Last week I attended a Gold Conference called: Gold Vision at Virtuosity, as a guest of the World Gold Council. The first speaker, Jack Ogden, jewelry historian, summed up what I already knew. Gold is the ultimate "green" material.
It doesn’t dissolve, corrode or shatter and because of its convenient melting temperature it can be melted down and used over and over again. Gold jewelry, vessels, and tools have survived thousands of years completely intact. Think of King Tuts’ tomb.
When I first started taking jewelry classes the instructors insisted we use only brass, copper or silver as these metals were inexpensive. In my head I knew this made sense, but after spending weeks, days and hours completing a ring, all I could think of was how much better it would have been in gold. Once I graduated to gold, I began working with 24k, 22k and 18k gold and never looked back. There is nothing like the look and feel of a piece of jewelry made with real gold. Which is why I continue to make my jewelry in 18k gold.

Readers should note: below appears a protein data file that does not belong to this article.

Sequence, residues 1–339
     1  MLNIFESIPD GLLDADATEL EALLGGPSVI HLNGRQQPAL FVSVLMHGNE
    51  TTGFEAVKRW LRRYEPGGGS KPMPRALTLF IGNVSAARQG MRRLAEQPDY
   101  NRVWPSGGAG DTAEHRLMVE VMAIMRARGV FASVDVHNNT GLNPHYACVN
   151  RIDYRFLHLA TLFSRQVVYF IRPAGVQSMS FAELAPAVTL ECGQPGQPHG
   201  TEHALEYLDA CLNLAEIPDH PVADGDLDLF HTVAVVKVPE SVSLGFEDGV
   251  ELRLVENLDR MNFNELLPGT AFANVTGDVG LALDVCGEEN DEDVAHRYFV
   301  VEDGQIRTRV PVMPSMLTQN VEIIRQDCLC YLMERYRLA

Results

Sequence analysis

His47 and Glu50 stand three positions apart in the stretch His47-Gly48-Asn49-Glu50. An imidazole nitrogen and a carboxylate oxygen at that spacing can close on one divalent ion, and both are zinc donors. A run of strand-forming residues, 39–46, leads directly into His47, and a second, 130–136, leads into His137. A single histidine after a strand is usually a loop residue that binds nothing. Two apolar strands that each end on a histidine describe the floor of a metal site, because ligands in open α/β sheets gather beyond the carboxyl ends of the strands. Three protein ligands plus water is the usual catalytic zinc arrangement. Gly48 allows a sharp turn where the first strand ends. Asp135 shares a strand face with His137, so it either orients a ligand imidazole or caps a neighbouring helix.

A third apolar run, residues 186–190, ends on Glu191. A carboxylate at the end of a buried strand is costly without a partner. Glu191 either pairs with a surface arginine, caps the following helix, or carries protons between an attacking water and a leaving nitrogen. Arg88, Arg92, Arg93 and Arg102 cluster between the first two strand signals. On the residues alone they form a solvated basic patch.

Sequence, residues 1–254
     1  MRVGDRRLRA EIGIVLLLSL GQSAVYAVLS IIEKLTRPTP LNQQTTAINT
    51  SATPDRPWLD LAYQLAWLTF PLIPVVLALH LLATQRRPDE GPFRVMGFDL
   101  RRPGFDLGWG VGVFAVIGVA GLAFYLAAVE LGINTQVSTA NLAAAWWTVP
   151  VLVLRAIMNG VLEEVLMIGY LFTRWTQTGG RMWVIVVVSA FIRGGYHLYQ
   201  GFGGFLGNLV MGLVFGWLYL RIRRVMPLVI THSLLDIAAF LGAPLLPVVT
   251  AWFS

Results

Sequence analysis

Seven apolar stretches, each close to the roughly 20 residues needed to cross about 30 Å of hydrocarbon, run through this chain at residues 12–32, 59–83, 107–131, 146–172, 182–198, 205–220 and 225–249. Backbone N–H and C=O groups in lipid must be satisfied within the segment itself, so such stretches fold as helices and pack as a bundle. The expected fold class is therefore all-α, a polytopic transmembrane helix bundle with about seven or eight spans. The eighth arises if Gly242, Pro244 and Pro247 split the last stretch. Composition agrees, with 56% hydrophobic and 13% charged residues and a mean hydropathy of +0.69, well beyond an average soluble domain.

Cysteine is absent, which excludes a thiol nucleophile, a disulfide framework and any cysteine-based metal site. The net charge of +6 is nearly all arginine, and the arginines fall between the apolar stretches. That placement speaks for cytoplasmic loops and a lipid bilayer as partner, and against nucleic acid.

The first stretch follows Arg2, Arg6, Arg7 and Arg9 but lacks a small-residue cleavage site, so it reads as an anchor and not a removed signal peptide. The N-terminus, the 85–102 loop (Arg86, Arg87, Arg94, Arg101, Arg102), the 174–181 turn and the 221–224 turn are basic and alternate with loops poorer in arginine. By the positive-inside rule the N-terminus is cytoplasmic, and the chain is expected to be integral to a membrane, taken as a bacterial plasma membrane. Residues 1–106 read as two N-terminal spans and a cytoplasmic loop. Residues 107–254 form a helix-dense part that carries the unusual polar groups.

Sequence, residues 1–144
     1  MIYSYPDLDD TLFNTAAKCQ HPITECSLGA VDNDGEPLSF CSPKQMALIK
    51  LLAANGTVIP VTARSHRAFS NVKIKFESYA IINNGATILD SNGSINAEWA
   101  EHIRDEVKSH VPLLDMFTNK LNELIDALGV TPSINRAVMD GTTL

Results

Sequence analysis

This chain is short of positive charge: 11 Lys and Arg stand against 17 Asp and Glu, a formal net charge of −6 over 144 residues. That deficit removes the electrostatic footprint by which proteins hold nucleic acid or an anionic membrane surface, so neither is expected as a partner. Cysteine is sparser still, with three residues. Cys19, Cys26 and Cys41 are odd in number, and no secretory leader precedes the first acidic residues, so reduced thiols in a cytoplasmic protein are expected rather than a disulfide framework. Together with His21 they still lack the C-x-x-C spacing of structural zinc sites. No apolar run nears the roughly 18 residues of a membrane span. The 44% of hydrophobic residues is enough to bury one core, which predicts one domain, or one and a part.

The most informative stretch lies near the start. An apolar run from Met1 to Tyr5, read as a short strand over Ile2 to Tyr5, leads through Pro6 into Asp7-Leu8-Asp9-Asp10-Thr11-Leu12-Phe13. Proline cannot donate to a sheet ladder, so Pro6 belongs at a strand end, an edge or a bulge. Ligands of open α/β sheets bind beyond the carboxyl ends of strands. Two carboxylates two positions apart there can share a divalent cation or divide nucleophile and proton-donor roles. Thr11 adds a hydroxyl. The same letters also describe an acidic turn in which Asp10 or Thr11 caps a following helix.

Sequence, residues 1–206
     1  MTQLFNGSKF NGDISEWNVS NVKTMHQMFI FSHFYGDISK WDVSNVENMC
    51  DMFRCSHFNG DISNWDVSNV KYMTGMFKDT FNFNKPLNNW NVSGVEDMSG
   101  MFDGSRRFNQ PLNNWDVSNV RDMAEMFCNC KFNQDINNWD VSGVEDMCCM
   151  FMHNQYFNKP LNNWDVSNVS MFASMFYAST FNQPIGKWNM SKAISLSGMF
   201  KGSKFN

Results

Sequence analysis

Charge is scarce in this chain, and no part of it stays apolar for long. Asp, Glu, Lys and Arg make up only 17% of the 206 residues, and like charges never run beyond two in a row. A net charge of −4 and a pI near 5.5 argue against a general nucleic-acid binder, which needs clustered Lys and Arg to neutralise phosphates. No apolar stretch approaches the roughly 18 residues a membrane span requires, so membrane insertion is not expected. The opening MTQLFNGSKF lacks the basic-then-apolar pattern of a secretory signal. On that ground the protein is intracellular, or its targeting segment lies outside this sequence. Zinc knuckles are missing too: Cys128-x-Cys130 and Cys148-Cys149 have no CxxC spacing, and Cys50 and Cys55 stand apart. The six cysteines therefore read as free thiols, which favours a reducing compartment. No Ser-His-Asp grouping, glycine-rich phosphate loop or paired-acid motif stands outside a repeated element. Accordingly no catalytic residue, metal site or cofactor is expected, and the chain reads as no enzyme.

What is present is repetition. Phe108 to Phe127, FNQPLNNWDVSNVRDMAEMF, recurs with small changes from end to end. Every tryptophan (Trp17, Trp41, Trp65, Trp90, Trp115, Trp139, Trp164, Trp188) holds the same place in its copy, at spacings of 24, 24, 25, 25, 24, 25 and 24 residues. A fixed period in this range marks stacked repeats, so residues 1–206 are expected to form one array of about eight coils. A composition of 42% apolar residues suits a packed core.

Fifty percent of all the gold currently in circulation is used for jewelry, forty percent is used for investment, and ten percent is used industrially. In many cultures gold jewelry is given to a new bride to not only welcome her into her new family, but as an investment for the newlywed’s future financial security. Gold has always had an intrinsic value.
I’m not a stock analyst, but buying a beautiful piece of gold jewelry seems like a good investment to me. I’m sure you’ll get a lot more compliments if you are wearing a gold necklace, earrings or bracelet than if you wore a stock certificate or a passport savings account book.